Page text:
What they are, how to avoid them and what to do if you have one
Ice dams in Massachusetts are an ongoing nuisance and cause extensive water damage to homes and structures. Recent record-breaking winters throughout the country have caused damage to tens of thousands of homes as a result of ice damning.
What is it and how does it work:
An ice dam occurs when snow accumulates on the slanted roof of a house with inadequate insulation. Heat conducted through the insufficient insulation and warm air from the attic bypasses warms the roof and melts the snow on those areas of the roof that are above living spaces, but does not melt the snow on roof overhangs. Meltwater flows down the roof, under the blanket of snow, onto the eave and into the gutter, where colder conditions on the overhang cause it to freeze. Eventually, ice accumulates along the eave and in the gutter. Snow that melts later cannot drain properly through the ice on the eave and in the gutter, resulting in leaks to the roof space resulting in damaged ceilings, walls, roof structure and insulation.
Primary Prevention Measures:
Frequently Asked Questions (Courtesy of Travelers Insurance: https://www.travelers.com/prepare-prevent/home-property/winter-weather/ice-dams.aspx)
Q. How do I know if there is too much snow and ice on my roof?
A. The answer depends on a number of factors, including the roof type, construction technique, and age and condition of the structure. As a rule of thumb, if there is more than a foot of heavy, wet snow and ice on your roof, you should try to have it removed.
Q. How should I remove the snow and ice that has accumulated from my roof?
A. If you have a flat roof that is easily reached from an interior stairway, you may want to shovel the roof. Remember to put safety first any time you are on a roof, especially one that is covered in snow and ice. If you have any doubt, leave it to the professionals.
If you have a sloped roof, it may be possible to remove the snow and ice using a roof rake, a long-handled tool designed specifically for this purpose. Stand on the ground and pull as much of the snow off the eaves as you can safely reach. It is not necessary to remove all the snow; removing the first three to four feet of snow closest to the gutters will help alleviate these issues.
Q. What if I can’t reach the roof at all?
A. Many homebuilders, landscaping and roofing contractors, and property maintenance companies will remove snow and ice from roofs. Before hiring a contractor, Travelers encourages you to check references. Always be sure your contractor is insured and bonded.
We do not recommend using a ladder in snowy and icy conditions. This can be extremely dangerous and is best left to professionals.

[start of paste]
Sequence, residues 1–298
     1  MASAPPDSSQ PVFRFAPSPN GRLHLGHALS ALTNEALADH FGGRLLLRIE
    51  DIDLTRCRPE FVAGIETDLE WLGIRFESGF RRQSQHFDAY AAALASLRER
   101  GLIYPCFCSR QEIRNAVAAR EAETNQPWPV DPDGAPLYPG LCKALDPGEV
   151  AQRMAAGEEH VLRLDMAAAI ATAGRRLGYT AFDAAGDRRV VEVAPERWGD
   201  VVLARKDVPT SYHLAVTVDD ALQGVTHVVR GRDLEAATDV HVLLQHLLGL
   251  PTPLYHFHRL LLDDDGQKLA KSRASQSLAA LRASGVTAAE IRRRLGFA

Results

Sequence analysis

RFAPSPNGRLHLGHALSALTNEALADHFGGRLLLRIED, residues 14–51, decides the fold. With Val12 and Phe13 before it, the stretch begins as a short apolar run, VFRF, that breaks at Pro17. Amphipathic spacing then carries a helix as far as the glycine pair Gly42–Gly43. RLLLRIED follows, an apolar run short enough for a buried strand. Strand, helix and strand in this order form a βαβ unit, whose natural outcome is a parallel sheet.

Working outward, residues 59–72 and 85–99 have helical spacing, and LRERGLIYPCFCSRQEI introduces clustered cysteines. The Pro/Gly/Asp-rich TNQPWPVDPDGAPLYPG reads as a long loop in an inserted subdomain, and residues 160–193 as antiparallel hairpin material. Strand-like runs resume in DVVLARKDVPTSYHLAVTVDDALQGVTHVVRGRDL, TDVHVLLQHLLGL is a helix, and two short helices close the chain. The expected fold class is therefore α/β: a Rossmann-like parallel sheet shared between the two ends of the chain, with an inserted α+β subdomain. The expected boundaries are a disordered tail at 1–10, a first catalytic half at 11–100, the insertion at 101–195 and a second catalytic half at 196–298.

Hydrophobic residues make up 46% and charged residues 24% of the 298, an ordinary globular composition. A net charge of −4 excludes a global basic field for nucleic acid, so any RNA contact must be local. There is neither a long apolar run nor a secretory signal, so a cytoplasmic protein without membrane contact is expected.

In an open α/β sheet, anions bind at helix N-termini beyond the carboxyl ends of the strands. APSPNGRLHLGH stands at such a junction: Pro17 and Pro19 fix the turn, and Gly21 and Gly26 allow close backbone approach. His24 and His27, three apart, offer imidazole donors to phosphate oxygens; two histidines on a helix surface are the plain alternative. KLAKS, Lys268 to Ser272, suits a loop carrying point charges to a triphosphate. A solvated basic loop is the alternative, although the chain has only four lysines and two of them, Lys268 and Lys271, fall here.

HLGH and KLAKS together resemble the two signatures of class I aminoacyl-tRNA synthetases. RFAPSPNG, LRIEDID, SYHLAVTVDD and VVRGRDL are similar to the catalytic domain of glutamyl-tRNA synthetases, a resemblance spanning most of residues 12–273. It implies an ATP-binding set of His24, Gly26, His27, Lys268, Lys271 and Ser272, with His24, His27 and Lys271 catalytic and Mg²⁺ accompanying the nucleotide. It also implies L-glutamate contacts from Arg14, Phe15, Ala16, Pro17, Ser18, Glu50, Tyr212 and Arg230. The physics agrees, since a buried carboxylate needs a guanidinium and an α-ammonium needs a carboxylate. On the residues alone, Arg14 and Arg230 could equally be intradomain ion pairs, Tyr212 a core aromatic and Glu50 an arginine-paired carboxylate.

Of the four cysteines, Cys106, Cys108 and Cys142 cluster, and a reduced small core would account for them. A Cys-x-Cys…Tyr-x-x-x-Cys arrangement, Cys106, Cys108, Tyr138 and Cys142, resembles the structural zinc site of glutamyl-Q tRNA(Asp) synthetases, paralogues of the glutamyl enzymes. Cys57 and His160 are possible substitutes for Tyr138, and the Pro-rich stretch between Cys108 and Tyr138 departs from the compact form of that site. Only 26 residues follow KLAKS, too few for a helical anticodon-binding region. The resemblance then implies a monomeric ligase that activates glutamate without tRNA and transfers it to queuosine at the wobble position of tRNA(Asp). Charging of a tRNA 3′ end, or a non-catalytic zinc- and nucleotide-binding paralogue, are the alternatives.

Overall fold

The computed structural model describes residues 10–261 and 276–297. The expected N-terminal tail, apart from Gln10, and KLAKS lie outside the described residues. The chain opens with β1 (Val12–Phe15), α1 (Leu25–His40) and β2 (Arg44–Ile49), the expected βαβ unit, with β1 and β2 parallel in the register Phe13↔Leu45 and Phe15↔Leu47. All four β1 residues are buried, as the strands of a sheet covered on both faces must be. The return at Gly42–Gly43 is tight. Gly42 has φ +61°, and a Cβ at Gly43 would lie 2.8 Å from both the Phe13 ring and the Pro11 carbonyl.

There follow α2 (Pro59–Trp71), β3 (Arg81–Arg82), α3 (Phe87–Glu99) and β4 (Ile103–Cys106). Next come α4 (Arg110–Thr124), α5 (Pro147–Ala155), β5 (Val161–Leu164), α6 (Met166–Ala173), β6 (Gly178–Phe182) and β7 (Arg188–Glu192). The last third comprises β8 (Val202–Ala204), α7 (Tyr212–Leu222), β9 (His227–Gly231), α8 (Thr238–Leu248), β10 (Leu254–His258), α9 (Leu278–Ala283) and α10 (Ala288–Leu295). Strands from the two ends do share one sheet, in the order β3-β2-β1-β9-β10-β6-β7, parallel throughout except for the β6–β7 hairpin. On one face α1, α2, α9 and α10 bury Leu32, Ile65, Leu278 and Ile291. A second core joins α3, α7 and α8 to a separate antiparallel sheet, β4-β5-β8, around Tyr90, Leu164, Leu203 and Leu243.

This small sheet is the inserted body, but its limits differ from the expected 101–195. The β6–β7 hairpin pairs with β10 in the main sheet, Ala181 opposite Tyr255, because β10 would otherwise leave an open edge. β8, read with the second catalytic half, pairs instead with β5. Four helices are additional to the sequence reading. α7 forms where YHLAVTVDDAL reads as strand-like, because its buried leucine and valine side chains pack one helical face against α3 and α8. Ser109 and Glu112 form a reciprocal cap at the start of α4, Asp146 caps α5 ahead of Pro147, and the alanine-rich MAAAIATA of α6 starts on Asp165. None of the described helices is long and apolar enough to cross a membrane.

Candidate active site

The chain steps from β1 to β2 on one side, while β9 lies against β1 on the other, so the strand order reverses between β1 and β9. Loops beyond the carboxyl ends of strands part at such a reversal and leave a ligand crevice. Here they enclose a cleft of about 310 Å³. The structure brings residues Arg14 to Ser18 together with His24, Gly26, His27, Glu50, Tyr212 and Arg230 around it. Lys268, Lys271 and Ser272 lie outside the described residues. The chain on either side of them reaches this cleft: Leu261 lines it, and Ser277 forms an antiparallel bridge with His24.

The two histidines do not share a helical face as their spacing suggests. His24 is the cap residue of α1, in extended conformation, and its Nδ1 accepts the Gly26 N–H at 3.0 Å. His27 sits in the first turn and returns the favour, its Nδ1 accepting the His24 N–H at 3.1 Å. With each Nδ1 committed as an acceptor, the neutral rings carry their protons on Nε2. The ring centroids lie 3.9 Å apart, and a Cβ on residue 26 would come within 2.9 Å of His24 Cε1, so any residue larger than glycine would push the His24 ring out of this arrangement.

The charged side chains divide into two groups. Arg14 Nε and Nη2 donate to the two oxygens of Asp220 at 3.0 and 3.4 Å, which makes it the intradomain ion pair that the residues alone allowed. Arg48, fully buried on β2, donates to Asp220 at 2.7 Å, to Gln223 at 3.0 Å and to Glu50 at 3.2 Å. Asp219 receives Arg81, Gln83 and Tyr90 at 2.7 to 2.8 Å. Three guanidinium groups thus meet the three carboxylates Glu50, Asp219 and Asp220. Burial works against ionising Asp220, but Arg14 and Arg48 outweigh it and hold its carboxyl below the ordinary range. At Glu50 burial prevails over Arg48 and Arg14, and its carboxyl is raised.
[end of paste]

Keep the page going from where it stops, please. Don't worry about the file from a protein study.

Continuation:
Q. Will my insurance company pay to have snow and ice removed from my roof?
A. Each claim is unique, and coverage and claim decisions always require an expert analysis by a licensed Claim professional. However, property owners are generally responsible for preventive maintenance. Keep in mind that the cost of snow removal is likely to be considerably smaller than the cost of roof damage or interior property damage caused by water leaks.
Q. I already have an ice dam on my roof. What should I do about it?
A. If you can reach the roof safely, try to knock the ice dam off with a roof rake, or cut a channel through the ice to allow standing water to drain. If you cannot reach the roof safely, consider hiring a contractor to remove it.
Another method is to fill a nylon stocking with calcium chloride ice melt and place it vertically across the ice dam so that it melts a channel through the dam. If you try this method, make sure you can safely position the ice melt on your roof, and make sure to use calcium chloride, not rock salt. Rock salt will damage your roof. Also be aware that shrubbery and plantings near the gutter or downspout may be damaged.
Q. I have an ice dam. How can I tell if it has caused damage inside my home?
A. Look for water stains or moisture in the attic or around the tops of exterior walls on the top floor. Just because an ice dam is present does not necessarily mean water has penetrated the roof membrane. However, it is always best to remove ice dams before they have the opportunity to cause damage.
Q. I have giant icicles hanging off my gutters. What should I do?
A. Look carefully at where the ice is. If the icicles are confined to the gutters and there is no water trapped behind them, this does not indicate the presence of an ice dam. However, large icicles can pose a danger to people when they fall off. Try to safely knock the icicles off from the ground, making sure not to stand directly beneath them. If you cannot reach them safely from the ground, consider hiring a contractor to help.
Q. What else can I do to protect my home?
A. An easy way to help snow and ice drain off your roof is to make sure the area around your downspouts is clear. This will make it possible for your gutters to drain when snow does melt. It will also help prevent flooding when the snow and ice melts.
Q. How do I keep this from happening again next year?
A. Using a roof rake to clear the first three to four feet of snow from your roof immediately after each winter storm is an effective approach to preventing ice dams from forming.
Ultimately, the best prevention for ice dams is to eliminate the conditions that make it possible for them to form in the first place. Making sure your attic is well insulated will help prevent the melting-and-freezing cycle that causes ice dams to form.
Also, when replacing a roof, make sure to install a water membrane underneath the shingles. This acts as an extra barrier that helps prevent water from seeping inside the building.
Q. What should I do if there is damage to my home?
A. Call Aronson Insurance: 781.444.3050